When I was younger my parent's used to tell us the story of their honeymoon - taken at the holiday park in Ilfracombe, Devon - where the newly married couple pressed their noses against the glass of a restaurant in town and dreamt of coming back and eating all the fancy seafood dishes they couldn't afford. By the time me and my sister were born the family finances were much improved, but this bittersweet and touching tale remained a favourite.
Which brings me to David Ramsey's the Dogs - recently opened on our first visit, now a doyenne of the stripped back food scene - where I stood outside with the Ewing exactly six years ago - not quite penniless, but certainly rather financially constrained - and dreamt of going inside for dinner. (While, ironically, the Dogs may be known for their value grub, our diet on that trip mostly consisted of stocking up on unseemly amounts of hotel buffet breakfast followed by scotch pies and snowball cakes.)
But, as Gabrielle sung, dreams can come true; so after a long and slightly soggy day in Auld Reekie, a change of socks and forty winks, I was looking forward to a few beers and a menu that 'champions Scottish and British ingredients, in dishes that will comfort and excite'.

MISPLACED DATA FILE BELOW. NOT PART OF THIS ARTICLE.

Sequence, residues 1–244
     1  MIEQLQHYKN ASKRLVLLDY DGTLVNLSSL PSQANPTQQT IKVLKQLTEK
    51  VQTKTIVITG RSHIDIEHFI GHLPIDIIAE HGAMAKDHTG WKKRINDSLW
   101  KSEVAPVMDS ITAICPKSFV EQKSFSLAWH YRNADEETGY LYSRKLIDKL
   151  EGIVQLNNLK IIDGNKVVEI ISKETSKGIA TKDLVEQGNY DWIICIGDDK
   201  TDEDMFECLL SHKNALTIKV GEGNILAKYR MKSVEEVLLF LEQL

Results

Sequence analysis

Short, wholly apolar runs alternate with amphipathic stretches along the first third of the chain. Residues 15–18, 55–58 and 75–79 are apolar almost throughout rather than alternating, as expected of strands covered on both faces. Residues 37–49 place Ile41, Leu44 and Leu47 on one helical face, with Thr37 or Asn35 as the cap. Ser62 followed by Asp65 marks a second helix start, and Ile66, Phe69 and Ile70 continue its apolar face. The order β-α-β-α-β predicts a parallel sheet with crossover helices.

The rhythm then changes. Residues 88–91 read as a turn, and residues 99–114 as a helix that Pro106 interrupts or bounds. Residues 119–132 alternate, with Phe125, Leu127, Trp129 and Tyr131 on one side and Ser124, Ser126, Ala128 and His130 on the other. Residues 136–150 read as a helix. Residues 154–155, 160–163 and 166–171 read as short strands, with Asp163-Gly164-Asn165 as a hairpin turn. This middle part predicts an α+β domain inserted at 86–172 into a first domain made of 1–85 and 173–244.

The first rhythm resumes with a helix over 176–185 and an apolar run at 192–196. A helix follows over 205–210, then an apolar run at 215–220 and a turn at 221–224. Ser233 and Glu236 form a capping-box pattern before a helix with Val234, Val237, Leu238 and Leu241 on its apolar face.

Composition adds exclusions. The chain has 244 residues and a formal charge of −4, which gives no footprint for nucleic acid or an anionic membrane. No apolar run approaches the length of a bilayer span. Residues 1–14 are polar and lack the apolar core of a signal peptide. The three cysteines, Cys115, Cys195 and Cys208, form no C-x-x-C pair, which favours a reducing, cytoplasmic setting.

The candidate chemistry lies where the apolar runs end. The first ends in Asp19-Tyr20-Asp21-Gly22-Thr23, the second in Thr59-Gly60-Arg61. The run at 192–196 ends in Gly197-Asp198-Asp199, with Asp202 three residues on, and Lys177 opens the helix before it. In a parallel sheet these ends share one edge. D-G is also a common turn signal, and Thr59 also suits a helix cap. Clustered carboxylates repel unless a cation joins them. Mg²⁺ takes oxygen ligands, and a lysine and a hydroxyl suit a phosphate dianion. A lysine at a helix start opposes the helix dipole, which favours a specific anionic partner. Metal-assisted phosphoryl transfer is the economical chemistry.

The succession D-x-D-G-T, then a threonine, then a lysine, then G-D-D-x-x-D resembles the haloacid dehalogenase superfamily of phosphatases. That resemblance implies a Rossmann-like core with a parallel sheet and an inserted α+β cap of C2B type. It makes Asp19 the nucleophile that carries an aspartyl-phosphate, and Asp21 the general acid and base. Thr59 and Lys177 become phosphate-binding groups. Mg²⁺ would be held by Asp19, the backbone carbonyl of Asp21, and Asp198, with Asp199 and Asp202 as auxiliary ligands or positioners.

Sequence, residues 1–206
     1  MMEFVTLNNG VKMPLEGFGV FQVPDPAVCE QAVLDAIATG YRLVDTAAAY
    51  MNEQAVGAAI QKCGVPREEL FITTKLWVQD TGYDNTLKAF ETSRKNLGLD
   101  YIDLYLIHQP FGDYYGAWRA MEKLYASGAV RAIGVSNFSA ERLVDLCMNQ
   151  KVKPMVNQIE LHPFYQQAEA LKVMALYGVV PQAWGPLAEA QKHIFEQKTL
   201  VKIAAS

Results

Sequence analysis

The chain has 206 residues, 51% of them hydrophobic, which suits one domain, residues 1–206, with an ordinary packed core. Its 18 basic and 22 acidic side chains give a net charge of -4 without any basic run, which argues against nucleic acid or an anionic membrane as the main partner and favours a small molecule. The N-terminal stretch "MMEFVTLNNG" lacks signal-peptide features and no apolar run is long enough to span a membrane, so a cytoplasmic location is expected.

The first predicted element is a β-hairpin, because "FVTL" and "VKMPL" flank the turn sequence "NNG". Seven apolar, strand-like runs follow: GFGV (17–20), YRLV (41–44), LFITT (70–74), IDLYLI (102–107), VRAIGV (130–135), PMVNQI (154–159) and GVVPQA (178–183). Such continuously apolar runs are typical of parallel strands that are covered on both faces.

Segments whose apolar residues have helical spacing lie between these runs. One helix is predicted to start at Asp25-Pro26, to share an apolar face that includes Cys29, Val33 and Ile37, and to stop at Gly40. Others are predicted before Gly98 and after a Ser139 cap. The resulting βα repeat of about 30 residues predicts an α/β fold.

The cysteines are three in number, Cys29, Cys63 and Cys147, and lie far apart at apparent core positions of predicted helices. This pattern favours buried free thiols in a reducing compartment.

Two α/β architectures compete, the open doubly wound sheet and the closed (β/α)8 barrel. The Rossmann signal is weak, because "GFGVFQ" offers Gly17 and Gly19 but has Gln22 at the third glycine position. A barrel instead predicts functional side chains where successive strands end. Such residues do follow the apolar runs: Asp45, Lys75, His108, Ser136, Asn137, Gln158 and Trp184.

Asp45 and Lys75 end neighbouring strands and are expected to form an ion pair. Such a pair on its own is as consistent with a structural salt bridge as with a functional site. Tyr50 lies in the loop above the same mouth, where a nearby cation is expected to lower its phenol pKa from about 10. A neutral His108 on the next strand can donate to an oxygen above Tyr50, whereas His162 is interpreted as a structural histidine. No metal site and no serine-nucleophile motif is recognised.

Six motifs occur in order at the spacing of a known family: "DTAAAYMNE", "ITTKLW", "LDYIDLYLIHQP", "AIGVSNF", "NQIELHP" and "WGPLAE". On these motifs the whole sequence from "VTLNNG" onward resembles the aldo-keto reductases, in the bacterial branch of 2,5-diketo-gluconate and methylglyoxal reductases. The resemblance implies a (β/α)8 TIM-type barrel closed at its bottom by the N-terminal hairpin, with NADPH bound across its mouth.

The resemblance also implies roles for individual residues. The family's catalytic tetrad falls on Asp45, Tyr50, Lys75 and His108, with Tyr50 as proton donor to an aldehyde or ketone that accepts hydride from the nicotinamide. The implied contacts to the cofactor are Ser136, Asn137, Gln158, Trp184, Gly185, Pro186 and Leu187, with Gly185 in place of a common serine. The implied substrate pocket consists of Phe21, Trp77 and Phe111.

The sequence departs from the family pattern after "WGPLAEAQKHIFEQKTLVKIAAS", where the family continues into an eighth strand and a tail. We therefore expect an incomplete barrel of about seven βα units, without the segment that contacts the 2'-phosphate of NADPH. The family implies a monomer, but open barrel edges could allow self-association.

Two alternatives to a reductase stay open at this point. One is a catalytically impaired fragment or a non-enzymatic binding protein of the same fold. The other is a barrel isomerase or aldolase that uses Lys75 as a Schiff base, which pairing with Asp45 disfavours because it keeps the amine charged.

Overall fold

Staying with the Scots ale trail theme we both chose Williams Bros beers; Grozet a gooseberry-infused wheat ale, for me and the Fraoch heather ale for the Ewing. The latter was particularly interesting, being based on the Gaelic recipe for 'leann fraoich' (heather ale) - purportedly the oldest style ale in the world - with it's peaty, malty notes.
Perfectly pan fried hake, sat atop a pile of cockles and mussels in a creamy, dill-flecked broth bobbing with chunks of potatoes and turnips, was as lovely as it's list of ingredients suggested - the only thing missing being a hunk of crusty bread to mop up every last drop.
The 'venison, sausage casserole and barley' was a gratifyingly simple affair. The deer had been slow cooked to a sticky sweetness alongside winter veg and while the Scots have a penchant for beef sausages - one of the only things the Ewing is not keen on (the other being me singing 'Saturday Love') - this was served with a pork snag and a big mound of fluffy, spiced barley to soak up all the gravy.
Side orders of honey roasted carrots and in-house pickled cucumbers hit the spot, the zingy cukes being a surprisingly good match with both the venison and creamy fish broth. In an attempt to eat as much of the menu as possible, we also asked for roast spuds with bacon, although were probably rather relieved the order didn't make it to the kitchen.
The Ewing's green apple trifle was a sight out of the seventies, with it's wonderfully bright swirling layers and crisp bruleed top. Despite the lurid appearance and the slightly incongruous choice of filling (an apple never strikes me as a particularly 'trifle-able' sort of fruit) this was great fun.
Toffee rice pudding, mined with chunks of honeycomb and dark chocolate, was as close to a hug in a dish as is possible. Add a wee dram of of Macallan 10 year fine oak and I was very glad I was on the inside looking out.